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hawaiian lava flow | by Michael Leggero
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hawaiian lava flow

Kīlauea is a volcano in the Hawaiian Islands, and one of five shield volcanoes that together form the island of Hawaiʻi. Kīlauea means "spewing" or "much spreading" in the Hawaiian language, referring to its frequent outpouring of lava. The Puʻu ʻŌʻō cone has been continuously erupting in the eastern rift zone since 1983, making it the longest rift-zone eruption of the last 200 years. Thirty-five eruptions have taken place since 1952, not including the current episode. Lava less than 1000 years old covers 90% of Kīlauea,[3] and the volume of erupted material is large enough to pave a road around the world three times.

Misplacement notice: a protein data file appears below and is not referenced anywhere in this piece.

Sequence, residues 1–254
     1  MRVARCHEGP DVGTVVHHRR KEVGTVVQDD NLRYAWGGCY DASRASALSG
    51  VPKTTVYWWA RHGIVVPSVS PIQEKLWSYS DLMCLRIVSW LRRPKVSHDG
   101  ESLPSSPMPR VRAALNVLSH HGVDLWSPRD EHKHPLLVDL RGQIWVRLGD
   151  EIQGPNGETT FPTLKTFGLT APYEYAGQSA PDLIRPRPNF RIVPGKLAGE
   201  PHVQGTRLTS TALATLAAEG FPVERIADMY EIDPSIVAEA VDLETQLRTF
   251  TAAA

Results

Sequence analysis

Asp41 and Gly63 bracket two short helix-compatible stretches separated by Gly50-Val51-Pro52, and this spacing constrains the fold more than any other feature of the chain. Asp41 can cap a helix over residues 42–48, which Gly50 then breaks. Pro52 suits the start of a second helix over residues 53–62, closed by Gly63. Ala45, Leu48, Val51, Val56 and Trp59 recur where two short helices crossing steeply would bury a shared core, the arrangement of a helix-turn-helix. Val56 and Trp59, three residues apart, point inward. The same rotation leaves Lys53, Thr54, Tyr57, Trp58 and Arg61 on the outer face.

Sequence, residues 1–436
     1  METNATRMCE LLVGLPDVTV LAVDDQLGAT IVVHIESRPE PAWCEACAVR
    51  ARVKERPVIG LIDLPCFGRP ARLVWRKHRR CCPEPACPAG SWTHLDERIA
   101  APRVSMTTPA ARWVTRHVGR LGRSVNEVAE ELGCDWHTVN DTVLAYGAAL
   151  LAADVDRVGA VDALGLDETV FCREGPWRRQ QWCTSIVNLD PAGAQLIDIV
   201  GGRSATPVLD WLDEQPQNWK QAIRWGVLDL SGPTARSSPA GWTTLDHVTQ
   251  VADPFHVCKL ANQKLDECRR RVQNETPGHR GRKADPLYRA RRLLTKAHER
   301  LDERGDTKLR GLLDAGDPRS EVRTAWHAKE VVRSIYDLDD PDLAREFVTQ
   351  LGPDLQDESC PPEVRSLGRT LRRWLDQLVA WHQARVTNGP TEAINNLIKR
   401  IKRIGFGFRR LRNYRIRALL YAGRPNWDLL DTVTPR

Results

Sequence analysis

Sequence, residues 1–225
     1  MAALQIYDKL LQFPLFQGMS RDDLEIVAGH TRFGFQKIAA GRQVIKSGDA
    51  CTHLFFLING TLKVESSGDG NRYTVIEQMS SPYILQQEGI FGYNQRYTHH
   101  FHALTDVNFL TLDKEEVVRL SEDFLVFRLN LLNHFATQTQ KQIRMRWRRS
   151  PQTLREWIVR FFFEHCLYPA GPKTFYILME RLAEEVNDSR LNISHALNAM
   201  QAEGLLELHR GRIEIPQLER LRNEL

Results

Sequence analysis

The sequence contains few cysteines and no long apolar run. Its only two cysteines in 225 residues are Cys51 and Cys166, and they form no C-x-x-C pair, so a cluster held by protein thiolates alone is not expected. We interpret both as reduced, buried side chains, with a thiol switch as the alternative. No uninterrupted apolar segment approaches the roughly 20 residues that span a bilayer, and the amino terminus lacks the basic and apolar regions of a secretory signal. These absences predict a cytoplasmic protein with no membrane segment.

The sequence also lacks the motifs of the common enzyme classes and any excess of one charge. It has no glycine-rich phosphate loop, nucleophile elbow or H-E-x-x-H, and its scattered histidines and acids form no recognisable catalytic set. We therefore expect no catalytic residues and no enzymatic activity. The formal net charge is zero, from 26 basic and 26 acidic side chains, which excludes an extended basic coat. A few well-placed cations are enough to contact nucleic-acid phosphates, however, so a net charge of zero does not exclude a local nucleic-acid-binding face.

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Taken on April 2, 2012